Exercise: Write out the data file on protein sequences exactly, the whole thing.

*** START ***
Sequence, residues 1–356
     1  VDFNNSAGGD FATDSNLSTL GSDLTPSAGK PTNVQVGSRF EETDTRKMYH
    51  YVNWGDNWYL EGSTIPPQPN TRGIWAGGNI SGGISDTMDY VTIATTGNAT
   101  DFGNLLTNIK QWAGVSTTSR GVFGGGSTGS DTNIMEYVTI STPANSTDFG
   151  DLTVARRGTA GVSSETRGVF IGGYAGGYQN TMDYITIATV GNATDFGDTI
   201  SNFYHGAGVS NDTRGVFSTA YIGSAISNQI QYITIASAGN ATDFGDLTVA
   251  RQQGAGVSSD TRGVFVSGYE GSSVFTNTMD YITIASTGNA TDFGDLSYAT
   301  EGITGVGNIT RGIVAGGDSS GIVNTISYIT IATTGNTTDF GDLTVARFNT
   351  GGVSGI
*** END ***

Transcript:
Sequence, residues 1–356
     1  VDFNNSAGGD FATDSNLSTL GSDLTPSAGK PTNVQVGSRF EETDTRKMYH
    51  YVNWGDNWYL EGSTIPPQPN TRGIWAGGNI SGGISDTMDY VTIATTGNAT
   101  DFGNLLTNIK QWAGVSTTSR GVFGGGSTGS DTNIMEYVTI STPANSTDFG
   151  DLTVARRGTA GVSSETRGVF IGGYAGGYQN TMDYITIATV GNATDFGDTI
   201  SNFYHGAGVS NDTRGVFSTA YIGSAISNQI QYITIASAGN ATDFGDLTVA
   251  RQQGAGVSSD TRGVFVSGYE GSSVFTNTMD YITIASTGNA TDFGDLSYAT
   301  EGITGVGNIT RGIVAGGDSS GIVNTISYIT IATTGNTTDF GDLTVARFNT
   351  GGVSGI